The proof of influence
Opinion: Strategy Leaders
Media planners have an opportunity to leverage social proof with data-led influencer strategies, but must not forget it is humans that can navigate the complexities of the market.
With Insider Intelligence forecasting that marketing spend on influencers will eclipse $7bn by 2024 in the US, last month’s Cannes Lions Grand Prix awards for Social & Influencers highlighted how much this space is evolving and that much of the best work is about integrating influencers or creators into an overall communications approach and creative idea.
When you consider why the creator marketplace continues to grow in prominence, it ultimately feeds into the broader idea of leveraging social proof, an increasingly powerful mechanic for changing behaviour, particularly for younger audiences.
Social proof is a psychological concept rooted in behavioural science. It suggests people tend to rely on the actions and opinions of others to determine the appropriate behaviour in a given situation. It is a form of social influence that affects people’s decision-making processes and is based on the ideas first presented by Dr Robert Cialdini.
In practice, if people perceive a brand or product to be unpopular that becomes the perceived norm, whether it is true or not, and a vicious circle is created. The less we see other people doing something, the less appealing it becomes.
Yet studies show it’s also possible to create the illusion of popularity and thus reverse a decline.
This is important because over the last decade the social media ecosystem and its evolution towards recommendation algorithms over friendship circles can supercharge social proof if brands get it right.
Whether it is offering financial advice or choosing an outfit, reputable influencers gain their currency by establishing themselves as authorities in their respective fields. Trust is earned through their knowledge and expertise, their endorsements provide social proof to their followers, who put great stock in their recommendations.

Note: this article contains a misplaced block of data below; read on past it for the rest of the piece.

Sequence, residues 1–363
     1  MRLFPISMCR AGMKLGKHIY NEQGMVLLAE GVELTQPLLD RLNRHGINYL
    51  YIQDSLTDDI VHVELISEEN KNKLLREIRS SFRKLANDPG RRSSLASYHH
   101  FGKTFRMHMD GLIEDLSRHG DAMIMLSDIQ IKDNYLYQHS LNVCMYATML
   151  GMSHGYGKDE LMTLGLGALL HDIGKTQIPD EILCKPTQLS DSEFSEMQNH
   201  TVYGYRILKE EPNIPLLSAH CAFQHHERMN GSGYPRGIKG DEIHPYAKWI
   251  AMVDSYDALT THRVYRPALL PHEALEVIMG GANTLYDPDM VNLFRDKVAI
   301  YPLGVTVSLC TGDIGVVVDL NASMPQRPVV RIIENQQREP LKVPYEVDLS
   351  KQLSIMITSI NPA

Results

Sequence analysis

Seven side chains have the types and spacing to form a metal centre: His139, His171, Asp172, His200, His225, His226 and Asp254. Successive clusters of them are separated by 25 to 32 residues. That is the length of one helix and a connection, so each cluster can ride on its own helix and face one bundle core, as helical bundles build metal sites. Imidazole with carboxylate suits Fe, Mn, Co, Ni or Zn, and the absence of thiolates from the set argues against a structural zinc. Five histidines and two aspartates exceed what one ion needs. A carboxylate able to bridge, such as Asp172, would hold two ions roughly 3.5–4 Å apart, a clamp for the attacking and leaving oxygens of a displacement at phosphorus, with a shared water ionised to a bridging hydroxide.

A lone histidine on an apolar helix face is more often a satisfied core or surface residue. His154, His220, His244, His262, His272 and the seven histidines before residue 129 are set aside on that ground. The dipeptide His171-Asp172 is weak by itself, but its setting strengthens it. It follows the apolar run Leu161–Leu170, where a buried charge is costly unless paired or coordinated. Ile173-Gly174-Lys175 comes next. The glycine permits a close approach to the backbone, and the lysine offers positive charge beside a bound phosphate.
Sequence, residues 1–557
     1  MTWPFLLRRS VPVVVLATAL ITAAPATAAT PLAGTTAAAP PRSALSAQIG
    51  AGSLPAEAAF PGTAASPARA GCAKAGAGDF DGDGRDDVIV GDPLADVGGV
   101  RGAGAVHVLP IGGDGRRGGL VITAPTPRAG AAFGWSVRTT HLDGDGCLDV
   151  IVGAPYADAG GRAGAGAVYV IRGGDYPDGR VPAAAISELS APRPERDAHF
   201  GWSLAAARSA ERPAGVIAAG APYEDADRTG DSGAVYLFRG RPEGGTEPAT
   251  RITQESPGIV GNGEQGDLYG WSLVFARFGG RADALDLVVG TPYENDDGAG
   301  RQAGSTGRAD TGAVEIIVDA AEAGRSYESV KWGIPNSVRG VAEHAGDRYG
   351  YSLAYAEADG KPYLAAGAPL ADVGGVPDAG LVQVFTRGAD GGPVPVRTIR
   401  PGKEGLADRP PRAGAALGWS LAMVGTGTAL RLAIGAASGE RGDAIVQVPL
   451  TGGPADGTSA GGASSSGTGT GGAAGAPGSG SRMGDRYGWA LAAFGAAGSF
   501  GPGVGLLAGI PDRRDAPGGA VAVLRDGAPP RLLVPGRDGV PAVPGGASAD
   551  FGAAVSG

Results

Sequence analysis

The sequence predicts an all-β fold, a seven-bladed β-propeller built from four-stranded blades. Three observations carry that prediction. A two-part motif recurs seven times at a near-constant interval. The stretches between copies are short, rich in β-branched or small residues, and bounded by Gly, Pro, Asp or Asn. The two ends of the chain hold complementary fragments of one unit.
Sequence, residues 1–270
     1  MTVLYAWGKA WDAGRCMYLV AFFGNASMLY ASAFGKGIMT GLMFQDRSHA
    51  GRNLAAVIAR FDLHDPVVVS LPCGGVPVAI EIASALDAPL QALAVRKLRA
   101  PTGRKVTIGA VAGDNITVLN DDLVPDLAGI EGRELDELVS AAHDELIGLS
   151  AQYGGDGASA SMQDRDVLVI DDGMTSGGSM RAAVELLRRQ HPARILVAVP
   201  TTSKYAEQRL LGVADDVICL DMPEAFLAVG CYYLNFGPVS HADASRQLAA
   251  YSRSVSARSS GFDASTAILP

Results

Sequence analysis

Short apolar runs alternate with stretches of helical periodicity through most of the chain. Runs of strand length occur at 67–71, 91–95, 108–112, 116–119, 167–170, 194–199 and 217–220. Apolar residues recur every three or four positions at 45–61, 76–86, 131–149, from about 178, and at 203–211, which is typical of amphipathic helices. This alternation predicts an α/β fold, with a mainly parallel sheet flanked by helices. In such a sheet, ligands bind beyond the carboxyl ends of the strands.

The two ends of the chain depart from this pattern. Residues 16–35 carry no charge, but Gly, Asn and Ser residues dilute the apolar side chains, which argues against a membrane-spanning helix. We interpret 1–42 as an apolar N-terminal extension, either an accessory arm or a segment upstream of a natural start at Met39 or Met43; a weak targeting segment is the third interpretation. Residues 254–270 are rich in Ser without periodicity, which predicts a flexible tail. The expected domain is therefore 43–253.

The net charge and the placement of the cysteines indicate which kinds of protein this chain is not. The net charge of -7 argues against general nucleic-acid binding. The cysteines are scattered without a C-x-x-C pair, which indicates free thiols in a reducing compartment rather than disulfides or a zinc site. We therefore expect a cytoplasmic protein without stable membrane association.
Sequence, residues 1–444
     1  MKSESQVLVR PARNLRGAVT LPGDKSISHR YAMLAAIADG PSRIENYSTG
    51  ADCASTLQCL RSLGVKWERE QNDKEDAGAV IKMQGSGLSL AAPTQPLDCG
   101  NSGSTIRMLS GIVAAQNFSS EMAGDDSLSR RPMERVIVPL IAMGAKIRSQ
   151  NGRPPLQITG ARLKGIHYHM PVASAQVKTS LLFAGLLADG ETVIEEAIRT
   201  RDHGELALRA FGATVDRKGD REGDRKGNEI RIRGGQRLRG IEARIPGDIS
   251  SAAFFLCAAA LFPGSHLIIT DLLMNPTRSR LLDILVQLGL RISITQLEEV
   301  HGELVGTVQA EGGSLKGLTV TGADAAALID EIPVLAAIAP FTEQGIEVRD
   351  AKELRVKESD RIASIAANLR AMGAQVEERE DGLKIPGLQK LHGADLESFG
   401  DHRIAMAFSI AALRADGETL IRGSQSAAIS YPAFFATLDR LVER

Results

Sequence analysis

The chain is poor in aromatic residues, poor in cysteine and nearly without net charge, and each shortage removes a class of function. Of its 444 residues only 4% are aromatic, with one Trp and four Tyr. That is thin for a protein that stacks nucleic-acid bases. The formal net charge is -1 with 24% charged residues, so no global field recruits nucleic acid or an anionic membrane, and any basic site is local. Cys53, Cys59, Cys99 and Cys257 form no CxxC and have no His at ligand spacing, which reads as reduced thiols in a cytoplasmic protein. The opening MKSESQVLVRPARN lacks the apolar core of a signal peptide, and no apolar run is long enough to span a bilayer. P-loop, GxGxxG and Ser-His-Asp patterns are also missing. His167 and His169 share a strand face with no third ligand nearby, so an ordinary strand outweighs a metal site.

The bandwagon effect also comes into play; a cognitive bias that suggests people are more likely to adopt a belief or behaviour if they see others doing the same.
Furthermore, social identity plays a role. People often associate themselves with particular social groups and identify with the influencers they follow. Thus, when an influencer recommends a product, they can feed the followers’ sense of identity by aligning themselves with that influencer’s choices. This creates social proof as followers believe adopting the recommended product will help them fit in with or be part of a desired group.
To cap it all, influencers commonly provide testimonials or reviews of products or services. Their positive experiences and feedback serve as social proof, influencing their followers’ attitudes and behaviours.
Where it gets tricky
The OMG Media Intelligence Unit’s Theme-onomics work shows that 45% of adults consume content from creators and influencers each week, and amongst 18-44s more time is spent with influencers and creators than SVOD, podcasts or gaming.
It is a significant audience and rightly entices marketers. And yet influencer marketing has its challenges that need to be carefully navigated.